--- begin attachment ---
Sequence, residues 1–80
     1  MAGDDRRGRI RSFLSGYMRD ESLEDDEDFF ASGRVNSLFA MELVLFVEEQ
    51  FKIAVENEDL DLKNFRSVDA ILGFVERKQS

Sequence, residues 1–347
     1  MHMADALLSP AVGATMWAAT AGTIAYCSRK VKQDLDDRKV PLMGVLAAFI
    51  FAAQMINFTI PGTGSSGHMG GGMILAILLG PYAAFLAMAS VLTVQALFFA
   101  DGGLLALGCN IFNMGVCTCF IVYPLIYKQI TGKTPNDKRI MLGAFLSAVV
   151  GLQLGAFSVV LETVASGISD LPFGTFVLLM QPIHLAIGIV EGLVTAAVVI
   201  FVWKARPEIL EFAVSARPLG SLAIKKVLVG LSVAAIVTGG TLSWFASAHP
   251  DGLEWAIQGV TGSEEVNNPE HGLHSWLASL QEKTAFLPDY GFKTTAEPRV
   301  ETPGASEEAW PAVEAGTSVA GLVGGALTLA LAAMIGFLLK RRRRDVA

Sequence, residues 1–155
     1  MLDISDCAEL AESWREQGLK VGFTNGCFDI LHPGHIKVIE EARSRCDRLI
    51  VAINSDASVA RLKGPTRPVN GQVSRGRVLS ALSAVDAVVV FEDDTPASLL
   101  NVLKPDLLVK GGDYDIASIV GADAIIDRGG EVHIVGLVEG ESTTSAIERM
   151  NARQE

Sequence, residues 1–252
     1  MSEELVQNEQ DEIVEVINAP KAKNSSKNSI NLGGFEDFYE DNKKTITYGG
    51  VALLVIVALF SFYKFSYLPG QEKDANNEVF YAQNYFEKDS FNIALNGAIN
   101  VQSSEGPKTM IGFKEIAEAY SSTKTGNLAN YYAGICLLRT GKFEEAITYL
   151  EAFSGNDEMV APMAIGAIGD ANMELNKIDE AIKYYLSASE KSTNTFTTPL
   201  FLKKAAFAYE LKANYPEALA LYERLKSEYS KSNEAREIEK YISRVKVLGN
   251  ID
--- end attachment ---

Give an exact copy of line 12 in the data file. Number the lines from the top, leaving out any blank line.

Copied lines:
Sequence, residues 1–155